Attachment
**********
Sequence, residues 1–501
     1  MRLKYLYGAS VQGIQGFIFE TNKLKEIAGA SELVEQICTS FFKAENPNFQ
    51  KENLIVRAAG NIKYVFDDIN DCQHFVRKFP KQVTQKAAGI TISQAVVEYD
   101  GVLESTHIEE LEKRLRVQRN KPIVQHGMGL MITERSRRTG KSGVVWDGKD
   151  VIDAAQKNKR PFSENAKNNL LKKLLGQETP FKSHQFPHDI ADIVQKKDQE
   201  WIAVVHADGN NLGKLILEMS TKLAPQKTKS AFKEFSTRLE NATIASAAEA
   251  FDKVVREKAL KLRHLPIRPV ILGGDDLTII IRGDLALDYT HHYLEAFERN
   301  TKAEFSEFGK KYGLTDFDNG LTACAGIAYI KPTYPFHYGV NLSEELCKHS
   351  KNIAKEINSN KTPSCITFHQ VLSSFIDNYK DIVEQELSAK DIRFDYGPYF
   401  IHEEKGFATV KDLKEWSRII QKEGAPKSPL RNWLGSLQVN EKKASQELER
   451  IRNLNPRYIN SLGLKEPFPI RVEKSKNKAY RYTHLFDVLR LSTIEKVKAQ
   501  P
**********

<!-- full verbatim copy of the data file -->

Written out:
Sequence, residues 1–501
     1  MRLKYLYGAS VQGIQGFIFE TNKLKEIAGA SELVEQICTS FFKAENPNFQ
    51  KENLIVRAAG NIKYVFDDIN DCQHFVRKFP KQVTQKAAGI TISQAVVEYD
   101  GVLESTHIEE LEKRLRVQRN KPIVQHGMGL MITERSRRTG KSGVVWDGKD
   151  VIDAAQKNKR PFSENAKNNL LKKLLGQETP FKSHQFPHDI ADIVQKKDQE
   201  WIAVVHADGN NLGKLILEMS TKLAPQKTKS AFKEFSTRLE NATIASAAEA
   251  FDKVVREKAL KLRHLPIRPV ILGGDDLTII IRGDLALDYT HHYLEAFERN
   301  TKAEFSEFGK KYGLTDFDNG LTACAGIAYI KPTYPFHYGV NLSEELCKHS
   351  KNIAKEINSN KTPSCITFHQ VLSSFIDNYK DIVEQELSAK DIRFDYGPYF
   401  IHEEKGFATV KDLKEWSRII QKEGAPKSPL RNWLGSLQVN EKKASQELER
   451  IRNLNPRYIN SLGLKEPFPI RVEKSKNKAY RYTHLFDVLR LSTIEKVKAQ
   501  P